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This article was published in the following journal.
Name: The Journal of clinical endocrinology and metabolism
In this review, we highlight the specific metabolic effects of fructose consumption that are involved in the development of metabolic syndrome non-alcoholic fatty liver disease and its association wit...
Fructose consumption has increased due to widespread use of high-fructose corn syrup by the food industry. Renal proximal tubules are thought to reabsorb fructose. However, fructose reabsorption (J) b...
Fructose consumption is a risk factor for metabolic disease. We recently demonstrated that fibroblast growth factor 21 (FGF21), a metabolic hormone involved in lipid and glucose metabolism, is acutely...
Fructose is commonplace in Western diets and is consumed primarily through added sugars as sucrose or high fructose corn syrup. High consumption of fructose has been linked to the development of metab...
Nonalcoholic fatty liver disease (NAFLD) is an emerging entity, becoming the most prevalent pediatric chronic liver disease. Its broad spectrum of histological findings, comorbidities, and complicatio...
In the U.S., dietary fructose has increased in parallel with the increase in obesity and may promote the development of diabetes and other chronic diseases. The largest source of dietary f...
The purpose of this study is to determine if short-term adoption of a Westernized lifestyle characterized by physical inactivity and increased consumption of fructose will result in metabo...
The sugar fructose has been implicated not just as a cause of obesity, but as a cause of the metabolic diseases that go along with obesity, termed "metabolic syndrome". Obese children with...
The objective is to investigate neuro-anatomical correlates of the regulation of energy intake by means of functional MRI. Administration of glucose as well as fructose is followed by func...
The increasing intake of fructose has been associated with an increase in obesity among US children and adolescents, but its "dose dependent" effects on insulin sensitivity and lipid metab...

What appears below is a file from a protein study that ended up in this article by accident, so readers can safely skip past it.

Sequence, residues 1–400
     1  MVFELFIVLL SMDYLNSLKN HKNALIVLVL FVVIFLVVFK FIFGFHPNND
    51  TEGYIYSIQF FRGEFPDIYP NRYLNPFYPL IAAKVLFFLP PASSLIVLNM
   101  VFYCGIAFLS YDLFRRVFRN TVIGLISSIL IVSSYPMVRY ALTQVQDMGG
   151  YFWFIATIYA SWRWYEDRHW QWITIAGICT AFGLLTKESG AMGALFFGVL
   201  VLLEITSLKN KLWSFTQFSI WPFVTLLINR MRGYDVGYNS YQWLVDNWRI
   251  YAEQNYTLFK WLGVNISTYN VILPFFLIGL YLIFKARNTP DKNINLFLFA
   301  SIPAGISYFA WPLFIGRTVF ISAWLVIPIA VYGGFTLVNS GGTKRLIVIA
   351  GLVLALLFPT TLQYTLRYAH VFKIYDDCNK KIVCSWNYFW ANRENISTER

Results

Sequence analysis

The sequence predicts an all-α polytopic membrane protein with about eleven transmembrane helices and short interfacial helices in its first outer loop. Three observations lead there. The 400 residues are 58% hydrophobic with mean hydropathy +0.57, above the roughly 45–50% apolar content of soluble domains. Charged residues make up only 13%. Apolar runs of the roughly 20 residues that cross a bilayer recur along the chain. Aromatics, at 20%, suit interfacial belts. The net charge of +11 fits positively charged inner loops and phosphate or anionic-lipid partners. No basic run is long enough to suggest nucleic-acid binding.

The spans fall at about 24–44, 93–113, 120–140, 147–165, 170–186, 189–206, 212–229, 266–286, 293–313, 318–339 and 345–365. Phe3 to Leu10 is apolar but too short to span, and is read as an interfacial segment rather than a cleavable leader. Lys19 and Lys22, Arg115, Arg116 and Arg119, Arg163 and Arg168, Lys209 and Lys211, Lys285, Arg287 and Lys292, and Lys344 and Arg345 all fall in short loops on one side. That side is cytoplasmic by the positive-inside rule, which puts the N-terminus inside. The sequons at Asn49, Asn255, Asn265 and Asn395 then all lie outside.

An autosomal recessive fructose metabolism disorder due to deficient fructose-1-phosphate aldolase (EC 220.127.116.11) activity, resulting in accumulation of fructose-1-phosphate. The accumulated fructose-1-phosphate inhibits glycogenolysis and gluconeogenesis, causing severe hypoglycemia following ingestion of fructose. Prolonged fructose ingestion in infants leads ultimately to hepatic failure and death. Patients develop a strong distaste for sweet food, and avoid a chronic course of the disease by remaining on a fructose- and sucrose-free diet.
Mutant mice exhibiting a marked obesity coupled with overeating, hyperglycemia, hyperinsulinemia, marked insulin resistance, and infertility when in a homozygous state. They may be inbred or hybrid.
A consistent pattern of food and drink consumption that contributes to the development and advancement of DENTAL CARIES.
An enzyme that catalyzes the conversion of D-fructose 1,6-bisphosphate and water to D-fructose 6-phosphate and orthophosphate. EC 18.104.22.168.
Inherited abnormalities of fructose metabolism, which include three known autosomal recessive types: hepatic fructokinase deficiency (essential fructosuria), hereditary fructose intolerance, and hereditary fructose-1,6-diphosphatase deficiency. Essential fructosuria is a benign asymptomatic metabolic disorder caused by deficiency in fructokinase, leading to decreased conversion of fructose to fructose-1-phosphate and alimentary hyperfructosemia, but with no clinical dysfunction; may produce a false-positive diabetes test.
Obesity is the condition in which excess fat has accumulated in the body (mostly in subcutaneous tissues). clinical obesity is considered to be present when a person has a BMI of over 30 (Oxford Dictionary of Medicine). It is becoming increasing common i...
Diabetes Diabetes Endocrine Disorders Obesity Oxycontin Renal Disease Thyroid Disorders Endocrinology is the study of the endocrine glands and the hormones that they secrete (Oxford Medical Dictionary). There are several g...